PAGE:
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Avoid the Complacency of Running a Well-Managed Fleet

May 2, 2008, by Mike Antich - Also by this author

 By Mike Antich 

Complacency. It is defined as self-satisfaction, especially whenaccompanied by unawareness of actual dangers or deficiencies.

Is this you?

Complacency is a real danger to fleet operations, especiallywell-run fleets. Most fleet managers will tell you that the “low-hanging fruit”has been picked long ago and there are a diminishing number of opportunities tofurther refine fleet efficiency and reduce costs. There is truth in thisstatement, but sometimes it can be used as an excuse by some fleet managers notto stray from their comfort zone. They reason that things are working justfine, why monkey with a well-tuned fleet operation? Again, there is some truthto this statement. But ask yourself, “Is your goal to run a well-managed fleetor do you want to run a best-in-class fleet?”

A great fleet manager constantly conceptualizes new initiatives, iscreative in problem-solving, motivates staff and suppliers to excel, and iswilling to experiment by implementing new technology-based fleet solutions. Afleet manager who gets too comfortable with his or her operation becomes complacentwith his or her skill set. When operations are running smoothly, there is inertiato change. The conventional wisdom is to not change something that isn’tbroken.

Are these fleet managers truly optimizing fleet performance?

An early mentor advised me long ago to never get comfortable. Alwaysassume a competitor breathing down your neck, even if there isn’t one.

Push your horizon and implement “stretchgoals.”

This also applies to fleet management.The great fleet managers I have known over the years are not complacent; theyare strivers constantly pushing the envelope.

Stretch Beyond Your Comfort Level

Veteran fleet managers who haveimplemented numerous cost saving initiatives will tell you that savings becomemore difficult to find – the law of diminishing returns takes hold. They pointout that most of the excess cost has been wrung out of the operation. Theypoint to metrics that prove the fleet is running smoothly.

These fleet managers are operating on auto pilot. They’ve becomecomfortable. Becoming comfortable, or “resting on one’s laurels,” is the roadto complacency.

Complacency is the enemy of excellence. A great fleet manageralways believes additional cost savings can be achieved.

They recognize the need to be creative. They alsobelieve there is always something new to learn. They are continual learners. Thesefleet managers stay current with industry best practices and network with industry-respectedfleet managers. However, there are other sources of best practices. Oneunderutilized resource is prospective suppliers. Many fleet managers makethemselves inaccessible to prospective suppliers. They are missing a wonderfulopportunity to pick their brains, to learn of new developments in the industry.You need to continually ask suppliers what they have seen among their clientbase that is successful. Could these practices be implemented in your fleet operation?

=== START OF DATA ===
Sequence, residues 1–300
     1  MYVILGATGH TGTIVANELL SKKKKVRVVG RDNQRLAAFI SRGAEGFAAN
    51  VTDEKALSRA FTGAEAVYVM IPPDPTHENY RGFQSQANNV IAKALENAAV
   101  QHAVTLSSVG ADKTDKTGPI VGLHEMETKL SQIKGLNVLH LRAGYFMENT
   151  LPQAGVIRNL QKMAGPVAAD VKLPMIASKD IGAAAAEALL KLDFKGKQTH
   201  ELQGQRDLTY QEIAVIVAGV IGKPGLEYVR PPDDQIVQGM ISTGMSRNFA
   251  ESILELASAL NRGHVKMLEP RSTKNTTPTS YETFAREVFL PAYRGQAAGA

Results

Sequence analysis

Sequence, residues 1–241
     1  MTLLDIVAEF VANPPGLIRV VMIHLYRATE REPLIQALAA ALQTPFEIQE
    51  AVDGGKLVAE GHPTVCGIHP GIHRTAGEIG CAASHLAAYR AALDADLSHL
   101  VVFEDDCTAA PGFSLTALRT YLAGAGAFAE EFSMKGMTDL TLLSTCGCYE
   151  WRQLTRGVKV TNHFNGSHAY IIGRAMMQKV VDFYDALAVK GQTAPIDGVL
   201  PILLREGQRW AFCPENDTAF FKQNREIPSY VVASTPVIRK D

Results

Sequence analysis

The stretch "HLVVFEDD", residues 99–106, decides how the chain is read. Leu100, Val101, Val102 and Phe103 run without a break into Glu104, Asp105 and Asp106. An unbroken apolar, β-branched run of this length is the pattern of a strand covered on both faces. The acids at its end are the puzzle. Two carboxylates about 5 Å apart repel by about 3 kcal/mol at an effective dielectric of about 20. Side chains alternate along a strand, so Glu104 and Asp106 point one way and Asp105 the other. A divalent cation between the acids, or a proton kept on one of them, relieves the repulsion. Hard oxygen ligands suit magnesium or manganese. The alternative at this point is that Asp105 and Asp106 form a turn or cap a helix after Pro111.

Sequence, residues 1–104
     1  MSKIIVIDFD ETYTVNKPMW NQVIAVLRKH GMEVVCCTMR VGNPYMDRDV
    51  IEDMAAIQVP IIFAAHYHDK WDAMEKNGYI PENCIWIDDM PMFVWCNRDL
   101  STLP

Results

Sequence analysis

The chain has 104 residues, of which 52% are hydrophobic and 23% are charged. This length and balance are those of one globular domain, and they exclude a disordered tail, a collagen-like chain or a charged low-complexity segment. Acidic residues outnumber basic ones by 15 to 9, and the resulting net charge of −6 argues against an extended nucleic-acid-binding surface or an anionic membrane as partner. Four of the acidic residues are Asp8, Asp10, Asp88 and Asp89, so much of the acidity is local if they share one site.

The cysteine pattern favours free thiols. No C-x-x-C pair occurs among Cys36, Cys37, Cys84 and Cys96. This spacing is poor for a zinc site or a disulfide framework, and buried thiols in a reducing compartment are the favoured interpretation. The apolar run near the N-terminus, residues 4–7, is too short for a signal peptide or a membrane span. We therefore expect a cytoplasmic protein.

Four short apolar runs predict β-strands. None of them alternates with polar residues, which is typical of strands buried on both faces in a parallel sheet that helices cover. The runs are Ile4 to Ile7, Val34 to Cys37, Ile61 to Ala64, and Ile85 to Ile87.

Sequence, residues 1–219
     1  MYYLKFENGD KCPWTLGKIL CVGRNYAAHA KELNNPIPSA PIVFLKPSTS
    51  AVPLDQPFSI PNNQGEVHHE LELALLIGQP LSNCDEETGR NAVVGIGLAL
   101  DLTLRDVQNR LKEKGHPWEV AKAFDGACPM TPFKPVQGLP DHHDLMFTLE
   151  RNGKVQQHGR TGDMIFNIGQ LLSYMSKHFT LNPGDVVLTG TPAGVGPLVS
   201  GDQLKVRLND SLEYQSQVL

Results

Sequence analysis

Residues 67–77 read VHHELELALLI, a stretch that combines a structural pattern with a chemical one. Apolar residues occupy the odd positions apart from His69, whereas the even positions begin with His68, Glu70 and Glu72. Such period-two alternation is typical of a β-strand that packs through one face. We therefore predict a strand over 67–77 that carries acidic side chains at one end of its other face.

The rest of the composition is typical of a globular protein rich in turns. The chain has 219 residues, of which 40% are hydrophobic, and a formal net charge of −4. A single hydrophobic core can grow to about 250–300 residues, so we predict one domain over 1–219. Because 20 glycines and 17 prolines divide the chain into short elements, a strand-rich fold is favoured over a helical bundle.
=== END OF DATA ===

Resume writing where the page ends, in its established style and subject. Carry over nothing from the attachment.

I learned long ago that itis impossible to be an expert in fleet management. It is a continually evolvingindustry and the best that we can hope for is to keep pace with the changes andperhaps gain the insight to peer a little beyond the horizon. You can be an experton Roman history, for example, since that history has a beginning and an end. Butfleet management is a dynamic profession that is constantly evolving. Fleet managementbest practices in the next decade will dramatically differ from those of today.Many of these future best practices will be technology-based. If you are notcontinually learning about fleet management, about new products and services, it’seasy to become stale at what you do. Network with your peers. Ask what’sworking for them. Probe. Avoid the “not invented here” arrogance. Adopt proven solutionssuccessful at other fleet operations.

Cancel Auto Pilot & Grab the Controls

Without realizing it, some long-time fleet managers get settled intotheir positions and get too comfortable. They coast along repeating what’sworked in the past. The result?

They getcomplacent. At worst, they stagnate. Are you too comfortable in your position?

Getting out of your comfort zone forces you toview fleet management in a new way. It stimulates you to think new thoughts andsee solutions in a different light. Be willing to experiment. Not all problemshave a silver bullet solution; many times problems are resolved throughincremental enhancements. Be proactive. Great fleet managers confront deficienciesbefore they become problems. But more importantly, they don’t rest on theirpast laurels. They always believe more can be done.

As Malcolm Kushner, a humorist said, “People who are resting ontheir laurels are wearing them on the wrong end.”

Let me know what you think.

[email protected]

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Author Bio

Mike Antich

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Editor and Associate Publisher

Mike Antich has covered fleet management and remarketing for more than 20 years and was inducted in the Fleet Hall of Fame in 2010.

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